5 examples of how rising food prices could affect your budget or financial plan
If you haven’t paid much attention to how much you are spending in the grocery store over the past year, you might not be aware that the cost of groceries has gone up a total of 5.4% in the past year. The prices of staples like meat, dairy, eggs, sugar and coffee have surged even faster. In just under a year, the average cost of a pound of bacon has gone up from $5.72 to $7.32, while a dozen eggs now cost, on average, $1.82, up from $1.41. That’s a 28% and 29% rise in price, respectively. The U.S. economy hasn’t seen rising food prices such as these in 31 years.
Since most of us buy groceries every week and sometimes every day, food tends to be the most visible indicator of inflation for most Americans. After all, the prices of luxury goods and many services can often be ignored, but everyone needs to buy food. These dramatically rising food prices have made it harder for the U.S. government to argue that inflation is “transitory,” especially when there are reports that meat processors are struggling to attract and retain workers, and there is stiff competition for workers and rising wages in the manufacturing sector overall. With food production workers receiving higher wages, we also can’t expect food prices to go back to where they were last year.
How will rising food prices affect my budget?
It’s still possible that labor and supply shortages will moderate, and supply chain problems will eventually be resolved. But for the time being, there are a few food-buying decisions that can help your family budget absorb the additional food costs.
- Cut additional spending — You may find that you need to cut back on other costs to compensate for the rising cost of groceries. Extra streaming services, restaurant meals and impulse purchases are all things that you should consider cutting back on.
- Buy in bulk — Shopping at warehouse stores or stocking up when there is a sale can help cut costs. It is almost always cheaper to buy pantry staples, meat and other items in larger packaging. Drying, freezing and canning are great ways to store bulk groceries.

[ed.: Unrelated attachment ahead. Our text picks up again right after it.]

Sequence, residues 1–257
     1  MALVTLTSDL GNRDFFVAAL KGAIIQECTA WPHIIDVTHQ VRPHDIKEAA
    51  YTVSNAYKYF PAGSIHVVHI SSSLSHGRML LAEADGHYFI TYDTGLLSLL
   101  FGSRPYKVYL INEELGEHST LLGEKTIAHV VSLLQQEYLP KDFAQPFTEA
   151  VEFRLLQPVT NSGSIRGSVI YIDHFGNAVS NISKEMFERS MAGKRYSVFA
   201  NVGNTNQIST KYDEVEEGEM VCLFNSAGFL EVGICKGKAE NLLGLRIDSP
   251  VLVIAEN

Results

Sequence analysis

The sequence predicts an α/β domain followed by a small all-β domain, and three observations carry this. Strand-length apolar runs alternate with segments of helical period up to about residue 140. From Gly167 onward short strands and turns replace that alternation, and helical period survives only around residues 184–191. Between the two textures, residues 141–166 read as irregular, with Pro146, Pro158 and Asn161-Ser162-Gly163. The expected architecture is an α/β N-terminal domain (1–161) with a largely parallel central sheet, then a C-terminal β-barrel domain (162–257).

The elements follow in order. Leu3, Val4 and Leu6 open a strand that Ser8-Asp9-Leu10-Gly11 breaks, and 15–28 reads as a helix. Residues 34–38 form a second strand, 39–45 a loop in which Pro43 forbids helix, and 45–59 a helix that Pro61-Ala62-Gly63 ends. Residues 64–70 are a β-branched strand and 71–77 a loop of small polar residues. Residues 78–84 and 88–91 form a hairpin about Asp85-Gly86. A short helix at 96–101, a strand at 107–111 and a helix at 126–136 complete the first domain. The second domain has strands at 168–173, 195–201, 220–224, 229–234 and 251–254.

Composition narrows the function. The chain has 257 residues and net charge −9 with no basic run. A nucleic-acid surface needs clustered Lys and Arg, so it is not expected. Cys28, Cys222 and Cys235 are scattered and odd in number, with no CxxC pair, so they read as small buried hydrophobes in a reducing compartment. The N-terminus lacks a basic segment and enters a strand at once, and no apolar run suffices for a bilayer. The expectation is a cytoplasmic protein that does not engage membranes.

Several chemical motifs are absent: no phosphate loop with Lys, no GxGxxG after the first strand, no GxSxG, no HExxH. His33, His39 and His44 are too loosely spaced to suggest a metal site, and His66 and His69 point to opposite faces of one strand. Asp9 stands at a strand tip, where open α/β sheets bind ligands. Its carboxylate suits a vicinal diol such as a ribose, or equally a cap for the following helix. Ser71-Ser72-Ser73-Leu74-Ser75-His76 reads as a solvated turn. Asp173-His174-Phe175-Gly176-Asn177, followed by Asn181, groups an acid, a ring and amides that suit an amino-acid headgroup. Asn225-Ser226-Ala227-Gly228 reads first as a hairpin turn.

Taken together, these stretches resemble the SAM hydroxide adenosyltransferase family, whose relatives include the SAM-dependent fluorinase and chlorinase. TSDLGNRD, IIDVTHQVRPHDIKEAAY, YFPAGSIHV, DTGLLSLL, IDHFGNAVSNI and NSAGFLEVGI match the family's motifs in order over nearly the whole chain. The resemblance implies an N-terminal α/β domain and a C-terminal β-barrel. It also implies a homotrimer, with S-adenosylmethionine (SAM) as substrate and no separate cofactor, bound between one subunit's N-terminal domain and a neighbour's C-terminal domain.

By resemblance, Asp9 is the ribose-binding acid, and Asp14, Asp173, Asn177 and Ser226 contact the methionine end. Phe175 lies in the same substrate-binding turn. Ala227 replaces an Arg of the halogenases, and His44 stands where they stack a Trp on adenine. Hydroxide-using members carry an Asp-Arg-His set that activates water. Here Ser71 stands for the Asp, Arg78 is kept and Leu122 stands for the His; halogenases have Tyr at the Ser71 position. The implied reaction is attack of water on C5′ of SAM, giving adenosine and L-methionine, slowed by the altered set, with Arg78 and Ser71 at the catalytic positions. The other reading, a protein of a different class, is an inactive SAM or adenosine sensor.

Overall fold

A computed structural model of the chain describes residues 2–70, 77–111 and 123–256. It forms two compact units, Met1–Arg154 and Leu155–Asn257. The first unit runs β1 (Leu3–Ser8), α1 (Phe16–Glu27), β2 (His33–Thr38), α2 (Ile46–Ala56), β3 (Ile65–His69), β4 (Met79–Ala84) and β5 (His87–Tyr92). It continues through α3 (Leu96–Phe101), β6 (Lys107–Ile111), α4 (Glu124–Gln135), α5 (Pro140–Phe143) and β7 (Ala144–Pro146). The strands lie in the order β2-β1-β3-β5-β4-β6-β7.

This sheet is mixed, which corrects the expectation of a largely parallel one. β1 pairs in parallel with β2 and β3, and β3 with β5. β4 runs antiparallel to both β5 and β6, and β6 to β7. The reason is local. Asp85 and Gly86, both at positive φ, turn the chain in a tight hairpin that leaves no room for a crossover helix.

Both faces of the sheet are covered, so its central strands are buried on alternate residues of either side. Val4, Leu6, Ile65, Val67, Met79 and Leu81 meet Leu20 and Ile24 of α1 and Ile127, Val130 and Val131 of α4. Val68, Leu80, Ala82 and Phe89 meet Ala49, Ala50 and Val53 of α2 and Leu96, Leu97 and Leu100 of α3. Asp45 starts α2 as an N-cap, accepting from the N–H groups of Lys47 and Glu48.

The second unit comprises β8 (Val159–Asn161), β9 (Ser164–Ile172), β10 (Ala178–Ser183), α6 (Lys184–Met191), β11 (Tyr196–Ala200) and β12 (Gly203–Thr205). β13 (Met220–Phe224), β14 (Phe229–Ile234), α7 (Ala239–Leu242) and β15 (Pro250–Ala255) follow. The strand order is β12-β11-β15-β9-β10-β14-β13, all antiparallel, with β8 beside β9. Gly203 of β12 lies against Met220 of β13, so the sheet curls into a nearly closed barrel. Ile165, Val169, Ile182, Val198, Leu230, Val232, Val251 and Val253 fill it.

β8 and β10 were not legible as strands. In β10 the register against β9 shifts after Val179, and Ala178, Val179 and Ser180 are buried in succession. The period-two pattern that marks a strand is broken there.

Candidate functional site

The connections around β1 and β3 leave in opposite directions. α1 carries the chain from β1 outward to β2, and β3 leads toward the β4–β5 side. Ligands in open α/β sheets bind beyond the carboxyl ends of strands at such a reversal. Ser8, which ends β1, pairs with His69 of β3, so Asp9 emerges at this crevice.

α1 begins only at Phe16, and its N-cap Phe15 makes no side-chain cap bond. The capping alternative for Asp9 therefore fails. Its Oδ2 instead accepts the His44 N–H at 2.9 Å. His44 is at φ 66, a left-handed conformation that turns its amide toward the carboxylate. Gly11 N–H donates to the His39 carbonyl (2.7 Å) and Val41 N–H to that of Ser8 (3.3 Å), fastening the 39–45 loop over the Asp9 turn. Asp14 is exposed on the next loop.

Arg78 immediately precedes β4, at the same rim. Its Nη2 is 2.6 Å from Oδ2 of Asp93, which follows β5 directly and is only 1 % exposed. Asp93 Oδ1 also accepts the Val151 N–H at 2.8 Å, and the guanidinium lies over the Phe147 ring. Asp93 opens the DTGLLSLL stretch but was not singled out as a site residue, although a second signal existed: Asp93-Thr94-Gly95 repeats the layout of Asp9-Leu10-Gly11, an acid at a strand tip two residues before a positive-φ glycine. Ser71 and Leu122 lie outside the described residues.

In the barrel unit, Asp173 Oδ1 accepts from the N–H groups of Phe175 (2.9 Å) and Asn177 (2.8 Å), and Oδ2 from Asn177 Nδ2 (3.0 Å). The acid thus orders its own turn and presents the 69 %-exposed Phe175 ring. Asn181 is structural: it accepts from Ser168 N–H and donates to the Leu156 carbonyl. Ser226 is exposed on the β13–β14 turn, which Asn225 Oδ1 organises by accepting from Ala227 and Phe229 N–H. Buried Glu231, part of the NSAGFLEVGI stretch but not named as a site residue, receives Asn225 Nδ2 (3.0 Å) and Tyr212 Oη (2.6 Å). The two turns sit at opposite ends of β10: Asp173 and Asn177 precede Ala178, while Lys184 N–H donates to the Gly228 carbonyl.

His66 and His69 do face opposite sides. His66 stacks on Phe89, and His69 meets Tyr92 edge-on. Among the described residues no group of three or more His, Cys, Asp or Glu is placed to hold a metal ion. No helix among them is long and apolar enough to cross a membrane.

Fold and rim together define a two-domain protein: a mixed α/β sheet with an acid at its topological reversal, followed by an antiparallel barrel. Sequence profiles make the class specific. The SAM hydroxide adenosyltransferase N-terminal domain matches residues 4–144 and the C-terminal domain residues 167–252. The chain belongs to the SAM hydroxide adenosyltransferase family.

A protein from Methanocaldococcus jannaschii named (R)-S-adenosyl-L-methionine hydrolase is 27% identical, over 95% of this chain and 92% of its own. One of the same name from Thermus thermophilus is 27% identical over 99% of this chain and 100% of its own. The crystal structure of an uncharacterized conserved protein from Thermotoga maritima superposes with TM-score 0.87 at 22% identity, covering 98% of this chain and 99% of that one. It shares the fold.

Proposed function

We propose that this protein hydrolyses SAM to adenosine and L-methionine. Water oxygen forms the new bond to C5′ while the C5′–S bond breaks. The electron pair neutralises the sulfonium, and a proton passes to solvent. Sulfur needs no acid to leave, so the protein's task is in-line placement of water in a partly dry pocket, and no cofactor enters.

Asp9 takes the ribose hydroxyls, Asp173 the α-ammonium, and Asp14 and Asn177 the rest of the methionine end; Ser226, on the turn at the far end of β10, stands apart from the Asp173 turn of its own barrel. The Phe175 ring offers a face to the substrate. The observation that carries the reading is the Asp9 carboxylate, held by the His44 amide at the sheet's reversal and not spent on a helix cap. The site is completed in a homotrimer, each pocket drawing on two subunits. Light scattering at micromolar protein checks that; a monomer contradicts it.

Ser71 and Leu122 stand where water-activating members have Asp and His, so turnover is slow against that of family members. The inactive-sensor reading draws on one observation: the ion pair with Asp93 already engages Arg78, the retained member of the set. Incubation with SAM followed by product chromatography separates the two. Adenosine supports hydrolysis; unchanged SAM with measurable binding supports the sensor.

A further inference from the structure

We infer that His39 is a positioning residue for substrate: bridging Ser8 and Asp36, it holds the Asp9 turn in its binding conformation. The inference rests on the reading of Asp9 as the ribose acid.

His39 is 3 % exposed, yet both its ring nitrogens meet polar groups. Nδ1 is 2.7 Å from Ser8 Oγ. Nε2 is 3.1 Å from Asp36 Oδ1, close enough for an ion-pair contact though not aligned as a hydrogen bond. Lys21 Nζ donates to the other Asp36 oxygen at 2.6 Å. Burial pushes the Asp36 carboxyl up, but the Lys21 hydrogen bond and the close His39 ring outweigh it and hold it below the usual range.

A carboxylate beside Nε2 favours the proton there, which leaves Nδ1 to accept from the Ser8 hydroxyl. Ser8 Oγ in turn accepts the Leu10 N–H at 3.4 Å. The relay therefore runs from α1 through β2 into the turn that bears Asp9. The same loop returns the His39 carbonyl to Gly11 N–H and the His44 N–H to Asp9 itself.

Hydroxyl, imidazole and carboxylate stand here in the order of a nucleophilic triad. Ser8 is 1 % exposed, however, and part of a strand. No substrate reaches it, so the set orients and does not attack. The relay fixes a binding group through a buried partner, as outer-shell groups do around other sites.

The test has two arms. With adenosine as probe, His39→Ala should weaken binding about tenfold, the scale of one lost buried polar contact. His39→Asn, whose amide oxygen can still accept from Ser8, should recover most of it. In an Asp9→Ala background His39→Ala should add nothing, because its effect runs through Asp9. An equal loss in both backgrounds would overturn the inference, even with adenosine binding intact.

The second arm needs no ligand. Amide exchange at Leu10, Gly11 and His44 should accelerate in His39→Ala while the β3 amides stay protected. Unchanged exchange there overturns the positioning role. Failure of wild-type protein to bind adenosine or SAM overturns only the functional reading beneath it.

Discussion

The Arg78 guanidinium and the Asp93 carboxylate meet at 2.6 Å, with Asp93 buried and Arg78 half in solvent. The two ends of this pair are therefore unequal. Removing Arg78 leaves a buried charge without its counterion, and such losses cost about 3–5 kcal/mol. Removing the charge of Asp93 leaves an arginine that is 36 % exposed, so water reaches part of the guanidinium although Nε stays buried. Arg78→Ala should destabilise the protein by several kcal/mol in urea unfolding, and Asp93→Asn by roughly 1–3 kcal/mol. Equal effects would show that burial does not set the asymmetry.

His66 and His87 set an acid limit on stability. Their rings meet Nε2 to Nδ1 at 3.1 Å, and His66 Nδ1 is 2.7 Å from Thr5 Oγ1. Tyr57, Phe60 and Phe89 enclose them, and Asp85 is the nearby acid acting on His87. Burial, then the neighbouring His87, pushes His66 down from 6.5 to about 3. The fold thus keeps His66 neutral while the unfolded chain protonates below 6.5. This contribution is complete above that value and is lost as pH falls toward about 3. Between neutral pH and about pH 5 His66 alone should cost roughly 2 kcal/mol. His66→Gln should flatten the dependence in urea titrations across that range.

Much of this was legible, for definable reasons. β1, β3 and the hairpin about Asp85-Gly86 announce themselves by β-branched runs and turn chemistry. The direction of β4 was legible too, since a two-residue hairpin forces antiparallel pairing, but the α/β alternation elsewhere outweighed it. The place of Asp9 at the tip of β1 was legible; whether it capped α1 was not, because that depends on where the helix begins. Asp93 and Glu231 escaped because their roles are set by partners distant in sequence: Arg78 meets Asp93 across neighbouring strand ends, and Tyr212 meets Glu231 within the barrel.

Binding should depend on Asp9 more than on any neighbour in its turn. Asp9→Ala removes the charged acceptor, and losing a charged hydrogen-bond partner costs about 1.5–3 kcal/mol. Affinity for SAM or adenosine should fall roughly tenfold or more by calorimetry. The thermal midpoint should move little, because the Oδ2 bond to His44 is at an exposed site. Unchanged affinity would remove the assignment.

- Cut back on meat — The costs of meat are rising higher than many other foods. Other protein sources such as beans and lentils are inexpensive and healthy.
- Choose generic brands — Store brands of packaged and processed foods are typically less expensive than name brands. As long as you check the ingredients list to make sure the food is free of filler ingredients or undesirable colors and flavors, generic brands are a great way to stretch your grocery budget.
- Seek help — According to the Department of Agriculture, visits to food banks and pantries have increased since 2020 for most households. Rising food prices can affect some people more than others, and it is better to look for help than to go hungry.
Talk to a ProVise CFP® professional about how rising food prices may affect your family’s financial future
At ProVise Management Group, our CERTIFIED FINANCIAL PLANNER™ professionals can get to know you and your current financial circumstances, goals, risk tolerance and personal values to help you develop a plan that works for you. We can also create a written plan for you at a fiduciary standard of care. All our written plans come with an unconditional money-back guarantee. If you are unhappy with your written plan, you can return it to us, and we will refund 100% of the fee paid.
Are you ready to talk to a professional about budgeting for your future? Contact ProVise today to schedule a complimentary consultation.